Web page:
Jurors saw a photograph of a .22-caliber Magnum revolver, placed upside down under a belt sander in the shop. Kendgia said police found the clear plastic storage container with ammunition for the revolver and an instruction manual for the gun.
Earlier, Murphy stared straight ahead and never looked at the images of his mother, sister and aunt's bodies as they were displayed in photographs on the large, high-definition television perched over his right shoulder.
Each of the victims had been shot in the head, according to police.
Rich Cholodofsky is a staff writer for Trib Total Media. He can be reached at 724-830-6293 or email@example.com.
Show commenting policy
TribLive commenting policy
You are solely responsible for your comments and by using TribLive.com you agree to our Terms of Service.
We moderate comments. Our goal is to provide substantive commentary for a general readership. By screening submissions, we provide a space where readers can share intelligent and informed commentary that enhances the quality of our news and information.
While most comments will be posted if they are on-topic and not abusive, moderating decisions are subjective. We will make them as carefully and consistently as we can. Because of the volume of reader comments, we cannot review individual moderation decisions with readers.
We value thoughtful comments representing a range of views that make their point quickly and politely. We make an effort to protect discussions from repeated comments either by the same reader or different readers.
We follow the same standards for taste as the daily newspaper. A few things we won't tolerate: personal attacks, obscenity, vulgarity, profanity (including expletives and letters followed by dashes), commercial promotion, impersonations, incoherence, proselytizing and SHOUTING. Don't include URLs to Web sites.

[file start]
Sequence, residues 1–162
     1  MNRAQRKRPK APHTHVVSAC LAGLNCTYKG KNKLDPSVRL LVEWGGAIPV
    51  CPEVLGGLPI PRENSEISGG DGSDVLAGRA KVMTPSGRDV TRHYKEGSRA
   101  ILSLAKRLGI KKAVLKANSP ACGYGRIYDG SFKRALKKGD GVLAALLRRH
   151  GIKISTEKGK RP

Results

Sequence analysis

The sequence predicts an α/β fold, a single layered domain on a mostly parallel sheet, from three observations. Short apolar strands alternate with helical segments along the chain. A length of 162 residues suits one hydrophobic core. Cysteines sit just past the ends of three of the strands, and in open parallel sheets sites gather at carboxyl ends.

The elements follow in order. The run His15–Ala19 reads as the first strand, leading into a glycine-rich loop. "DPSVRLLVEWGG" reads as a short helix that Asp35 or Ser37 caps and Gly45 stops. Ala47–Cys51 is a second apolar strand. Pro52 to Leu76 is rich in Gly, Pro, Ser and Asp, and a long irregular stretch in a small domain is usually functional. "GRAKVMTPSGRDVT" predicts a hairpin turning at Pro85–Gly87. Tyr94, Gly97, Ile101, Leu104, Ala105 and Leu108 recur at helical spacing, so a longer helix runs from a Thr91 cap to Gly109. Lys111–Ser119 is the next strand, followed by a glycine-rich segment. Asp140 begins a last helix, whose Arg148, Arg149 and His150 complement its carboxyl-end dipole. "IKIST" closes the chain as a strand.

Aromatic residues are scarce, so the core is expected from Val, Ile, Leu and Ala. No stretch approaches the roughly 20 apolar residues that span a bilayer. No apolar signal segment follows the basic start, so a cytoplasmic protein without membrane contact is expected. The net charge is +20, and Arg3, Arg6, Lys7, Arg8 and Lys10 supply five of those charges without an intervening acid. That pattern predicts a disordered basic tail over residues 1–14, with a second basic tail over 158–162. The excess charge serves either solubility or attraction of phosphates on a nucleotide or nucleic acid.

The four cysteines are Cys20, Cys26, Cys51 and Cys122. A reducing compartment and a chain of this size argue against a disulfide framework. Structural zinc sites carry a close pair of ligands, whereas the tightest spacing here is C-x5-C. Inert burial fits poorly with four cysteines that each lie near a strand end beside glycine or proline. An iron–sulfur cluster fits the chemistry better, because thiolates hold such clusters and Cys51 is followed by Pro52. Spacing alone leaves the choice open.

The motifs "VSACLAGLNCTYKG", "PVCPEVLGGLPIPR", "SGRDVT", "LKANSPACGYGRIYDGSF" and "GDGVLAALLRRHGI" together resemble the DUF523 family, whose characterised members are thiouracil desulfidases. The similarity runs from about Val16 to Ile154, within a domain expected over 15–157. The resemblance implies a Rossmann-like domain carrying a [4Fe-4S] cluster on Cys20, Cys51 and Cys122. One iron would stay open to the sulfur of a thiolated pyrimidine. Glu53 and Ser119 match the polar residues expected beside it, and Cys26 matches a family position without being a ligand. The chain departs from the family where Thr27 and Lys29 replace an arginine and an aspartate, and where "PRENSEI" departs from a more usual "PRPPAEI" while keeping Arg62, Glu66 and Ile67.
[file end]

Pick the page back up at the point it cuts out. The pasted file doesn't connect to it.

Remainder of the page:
We do not edit comments. They are either approved or deleted. We reserve the right to edit a comment that is quoted or excerpted in an article. In this case, we may fix spelling and punctuation.
We welcome strong opinions and criticism of our work, but we don't want comments to become bogged down with discussions of our policies and we will moderate accordingly.
We appreciate it when readers and people quoted in articles or blog posts point out errors of fact or emphasis and will investigate all assertions. But these suggestions should be sent via e-mail. To avoid distracting other readers, we won't publish comments that suggest a correction. Instead, corrections will be made in a blog post or in an article.
- Steelers to bring LB Harrison out of retirement
- PennDOT puts 14 Alle-Kiski Valley bridges on list to be replaced
- Harrison OKs antenna zoning change
- Freeport dock bid exceeds resources
- Steelers defense must replace three injured starters after victory
- Liriano, McCutchen help Pirates to 1-0 win over Braves
- Flag holders stolen off veterans’ graves in Lower Burrell cemetery
- Apollo-Ridge middle school library project gains STEAM
- Cloverleaf bridge work to resume after change
- Pirates notebook: Volquez open to re-signing with team
- Red Wings beat Penguins, 2-1, in preseason opener